Jan 17, 2006

He Had a Dream, But You Can't Hear It

I just read that Martin Luther King, Jr.'s family has copyright-protected audio recordings of his famous "I have a dream" speech, which makes it difficult for people to hear the speech unless they pony up $10 per recording to the King family. (Though the family reportedly will provide free copies to educators.) That's a travesty. Dr. King was such a compelling speaker and that's such a powerful speech. But most people have only heard snippets and have read the text rather than heard the man. I do understand that the King family needs to make money; I'm really not unsympathetic. But surely there's a better way than this. That speech should be in the public domain for all to hear.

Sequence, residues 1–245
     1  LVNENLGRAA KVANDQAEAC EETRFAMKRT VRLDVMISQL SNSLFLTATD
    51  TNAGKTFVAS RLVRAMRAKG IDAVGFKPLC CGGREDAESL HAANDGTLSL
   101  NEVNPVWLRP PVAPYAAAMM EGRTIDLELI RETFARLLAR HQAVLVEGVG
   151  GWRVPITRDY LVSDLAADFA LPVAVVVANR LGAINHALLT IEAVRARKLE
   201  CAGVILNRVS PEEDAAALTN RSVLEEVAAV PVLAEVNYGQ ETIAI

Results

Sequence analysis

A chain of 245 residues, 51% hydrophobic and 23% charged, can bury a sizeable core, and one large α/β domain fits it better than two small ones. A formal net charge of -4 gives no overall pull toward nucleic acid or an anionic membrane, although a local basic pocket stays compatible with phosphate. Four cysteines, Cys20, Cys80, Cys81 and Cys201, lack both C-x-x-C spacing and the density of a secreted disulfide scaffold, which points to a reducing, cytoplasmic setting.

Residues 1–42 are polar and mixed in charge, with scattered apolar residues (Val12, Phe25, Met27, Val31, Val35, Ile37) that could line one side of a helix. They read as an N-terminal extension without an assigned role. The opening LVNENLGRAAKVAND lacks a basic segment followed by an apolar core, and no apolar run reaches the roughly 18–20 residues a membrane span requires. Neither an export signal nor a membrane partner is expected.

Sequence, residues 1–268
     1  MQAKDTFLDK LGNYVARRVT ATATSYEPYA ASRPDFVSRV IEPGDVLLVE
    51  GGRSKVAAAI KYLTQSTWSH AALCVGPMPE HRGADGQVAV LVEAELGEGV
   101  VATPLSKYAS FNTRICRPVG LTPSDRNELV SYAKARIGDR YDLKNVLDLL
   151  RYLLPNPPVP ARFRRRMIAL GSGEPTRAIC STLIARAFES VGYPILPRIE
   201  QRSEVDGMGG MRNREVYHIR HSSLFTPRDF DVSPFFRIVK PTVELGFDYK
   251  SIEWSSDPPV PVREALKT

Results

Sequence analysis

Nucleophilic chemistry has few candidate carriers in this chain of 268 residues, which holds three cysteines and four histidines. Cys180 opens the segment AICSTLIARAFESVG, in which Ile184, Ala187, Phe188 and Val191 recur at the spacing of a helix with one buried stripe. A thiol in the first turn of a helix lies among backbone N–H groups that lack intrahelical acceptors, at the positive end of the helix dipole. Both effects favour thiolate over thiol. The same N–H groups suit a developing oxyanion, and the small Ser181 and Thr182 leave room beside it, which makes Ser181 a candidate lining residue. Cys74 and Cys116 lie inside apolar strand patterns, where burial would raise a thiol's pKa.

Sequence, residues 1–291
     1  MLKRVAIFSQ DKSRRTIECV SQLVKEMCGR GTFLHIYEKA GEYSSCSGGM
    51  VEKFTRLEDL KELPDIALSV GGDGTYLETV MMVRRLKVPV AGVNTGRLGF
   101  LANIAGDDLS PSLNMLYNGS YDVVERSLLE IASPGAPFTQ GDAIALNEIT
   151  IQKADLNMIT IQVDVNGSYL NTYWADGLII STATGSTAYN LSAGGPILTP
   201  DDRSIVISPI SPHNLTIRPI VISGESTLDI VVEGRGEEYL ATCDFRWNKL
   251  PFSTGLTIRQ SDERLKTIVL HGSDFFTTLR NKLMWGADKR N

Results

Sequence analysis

This anecdote from the Washington Post article neatly summarizes the issue. Edoardo Pisoni, a 10-year-old who has heard a recording of the speech, was asked why it wouldn't be the same experience to simply read the text or hear someone other than Dr. King speak the words. He wisely replied, "It wouldn't have the heart."

Here is an mp3 version of the speech. (Thanks, Boing Boing.)

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